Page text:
Parenchymal microglia are the principal immune cells of the brain. Time-lapse two-photon imaging of GFP-labeled microglia demonstrates that the fine termini of microglial processes are highly dynamic in the intact mouse cortex. Upon traumatic brain injury, microglial processes rapidly and autonomously converge on the site of injury without cell body movement, establishing a potential barrier between the healthy and injured tissue. This rapid chemotactic response can be mimicked by local injection of ATP and can be inhibited by the ATP-hydrolyzing enzyme apyrase or by blockers of G protein-coupled purinergic receptors and connexin channels, which are highly expressed in astrocytes. The baseline motility of microglial processes is also reduced significantly in the presence of apyrase and connexin channel inhibitors. Thus, extracellular ATP regulates microglial branch dynamics in the intact brain, and its release from the damaged tissue and surrounding astrocytes mediates a rapid microglial response towards injury.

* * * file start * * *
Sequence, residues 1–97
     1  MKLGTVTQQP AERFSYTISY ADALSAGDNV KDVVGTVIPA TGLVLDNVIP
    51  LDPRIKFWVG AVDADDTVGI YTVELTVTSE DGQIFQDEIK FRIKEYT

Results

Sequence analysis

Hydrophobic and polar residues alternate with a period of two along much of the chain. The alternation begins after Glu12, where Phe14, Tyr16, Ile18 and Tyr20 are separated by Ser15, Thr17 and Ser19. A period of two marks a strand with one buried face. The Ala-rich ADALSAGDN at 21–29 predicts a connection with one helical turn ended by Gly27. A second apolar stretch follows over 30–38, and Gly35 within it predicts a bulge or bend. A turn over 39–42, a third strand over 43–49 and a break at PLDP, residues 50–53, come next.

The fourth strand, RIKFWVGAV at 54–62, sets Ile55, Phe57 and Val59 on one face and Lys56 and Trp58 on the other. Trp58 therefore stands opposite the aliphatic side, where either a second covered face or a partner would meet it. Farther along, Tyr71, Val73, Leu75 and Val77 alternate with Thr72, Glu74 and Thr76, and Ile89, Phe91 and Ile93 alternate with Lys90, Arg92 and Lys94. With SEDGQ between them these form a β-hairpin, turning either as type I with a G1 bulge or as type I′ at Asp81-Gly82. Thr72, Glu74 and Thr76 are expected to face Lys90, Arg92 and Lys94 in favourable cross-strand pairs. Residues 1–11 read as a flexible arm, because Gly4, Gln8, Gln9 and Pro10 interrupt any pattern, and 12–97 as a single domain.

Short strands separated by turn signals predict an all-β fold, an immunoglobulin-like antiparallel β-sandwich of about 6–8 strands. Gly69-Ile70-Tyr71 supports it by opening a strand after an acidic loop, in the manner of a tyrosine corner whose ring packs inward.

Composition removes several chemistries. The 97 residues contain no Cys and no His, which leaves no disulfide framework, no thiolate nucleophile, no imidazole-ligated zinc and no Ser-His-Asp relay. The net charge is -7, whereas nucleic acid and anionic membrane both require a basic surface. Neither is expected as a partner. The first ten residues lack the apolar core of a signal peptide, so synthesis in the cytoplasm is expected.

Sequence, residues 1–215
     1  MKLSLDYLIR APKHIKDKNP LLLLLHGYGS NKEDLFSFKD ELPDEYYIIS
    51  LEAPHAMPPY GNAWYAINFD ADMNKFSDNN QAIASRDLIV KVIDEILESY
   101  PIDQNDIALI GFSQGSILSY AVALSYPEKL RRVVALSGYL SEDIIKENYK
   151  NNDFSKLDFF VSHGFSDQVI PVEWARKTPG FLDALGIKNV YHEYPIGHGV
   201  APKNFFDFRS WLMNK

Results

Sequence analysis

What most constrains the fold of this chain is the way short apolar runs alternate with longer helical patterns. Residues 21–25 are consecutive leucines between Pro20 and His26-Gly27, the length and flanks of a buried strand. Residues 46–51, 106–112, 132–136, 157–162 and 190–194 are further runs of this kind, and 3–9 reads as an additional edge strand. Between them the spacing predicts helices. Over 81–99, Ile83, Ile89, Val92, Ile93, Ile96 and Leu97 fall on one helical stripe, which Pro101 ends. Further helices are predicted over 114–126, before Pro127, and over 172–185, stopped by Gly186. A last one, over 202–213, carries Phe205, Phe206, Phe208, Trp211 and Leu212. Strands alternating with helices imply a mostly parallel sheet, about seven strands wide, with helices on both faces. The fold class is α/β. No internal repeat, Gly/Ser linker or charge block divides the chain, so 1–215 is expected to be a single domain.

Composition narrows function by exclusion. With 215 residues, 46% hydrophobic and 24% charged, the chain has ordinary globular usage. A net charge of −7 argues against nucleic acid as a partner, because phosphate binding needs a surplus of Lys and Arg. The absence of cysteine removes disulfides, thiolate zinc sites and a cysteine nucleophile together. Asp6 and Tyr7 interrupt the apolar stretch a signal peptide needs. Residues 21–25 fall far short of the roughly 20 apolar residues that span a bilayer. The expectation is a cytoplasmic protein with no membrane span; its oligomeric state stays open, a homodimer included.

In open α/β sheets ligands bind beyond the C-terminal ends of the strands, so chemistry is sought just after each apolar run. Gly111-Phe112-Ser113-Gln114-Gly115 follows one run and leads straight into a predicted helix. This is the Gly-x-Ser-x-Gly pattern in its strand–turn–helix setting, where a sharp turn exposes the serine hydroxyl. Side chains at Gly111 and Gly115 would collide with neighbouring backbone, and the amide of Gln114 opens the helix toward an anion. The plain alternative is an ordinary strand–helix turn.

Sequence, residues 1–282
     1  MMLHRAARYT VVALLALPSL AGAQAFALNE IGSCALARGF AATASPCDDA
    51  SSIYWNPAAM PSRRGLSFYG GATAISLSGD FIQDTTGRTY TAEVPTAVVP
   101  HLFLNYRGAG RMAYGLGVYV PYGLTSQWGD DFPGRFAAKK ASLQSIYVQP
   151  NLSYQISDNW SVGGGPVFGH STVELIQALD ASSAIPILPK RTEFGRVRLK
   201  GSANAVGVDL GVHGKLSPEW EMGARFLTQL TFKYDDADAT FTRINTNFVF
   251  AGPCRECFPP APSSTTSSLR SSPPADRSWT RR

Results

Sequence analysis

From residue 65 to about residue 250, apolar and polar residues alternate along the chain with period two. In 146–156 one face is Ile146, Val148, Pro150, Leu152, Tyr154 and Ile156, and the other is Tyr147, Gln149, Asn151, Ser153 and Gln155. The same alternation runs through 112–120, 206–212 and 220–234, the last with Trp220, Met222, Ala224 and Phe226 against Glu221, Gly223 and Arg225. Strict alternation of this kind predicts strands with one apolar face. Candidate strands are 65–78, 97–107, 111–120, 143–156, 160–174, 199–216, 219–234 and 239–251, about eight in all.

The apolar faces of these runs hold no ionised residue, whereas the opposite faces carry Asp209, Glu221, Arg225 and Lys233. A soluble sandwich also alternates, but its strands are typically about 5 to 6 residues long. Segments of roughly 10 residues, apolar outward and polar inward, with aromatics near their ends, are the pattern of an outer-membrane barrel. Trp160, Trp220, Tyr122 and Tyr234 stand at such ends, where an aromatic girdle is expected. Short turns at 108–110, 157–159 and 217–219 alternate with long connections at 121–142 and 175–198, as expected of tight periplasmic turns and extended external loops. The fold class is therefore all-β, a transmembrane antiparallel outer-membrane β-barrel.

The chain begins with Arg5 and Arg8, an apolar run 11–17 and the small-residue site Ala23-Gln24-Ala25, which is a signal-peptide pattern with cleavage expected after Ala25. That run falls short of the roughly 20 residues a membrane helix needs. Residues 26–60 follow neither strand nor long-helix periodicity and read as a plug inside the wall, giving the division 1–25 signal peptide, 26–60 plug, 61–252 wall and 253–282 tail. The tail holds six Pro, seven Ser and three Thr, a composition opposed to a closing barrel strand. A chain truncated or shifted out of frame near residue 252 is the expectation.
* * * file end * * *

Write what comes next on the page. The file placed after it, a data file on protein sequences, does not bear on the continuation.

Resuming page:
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Adenosine Triphosphate, Animals, Apyrase, Astrocytes, Brain, Brain Injuries, Cell Communication, Chemotaxis, Connexins, Gliosis, Green Fluorescent Proteins, Mice, Mice, Transgenic, Microglia, Phagocytosis, Purinergic P2 Receptor Antagonists, Reaction Time, Receptors, Purinergic P2, Receptors, Purinergic P2Y1, Signal Transduction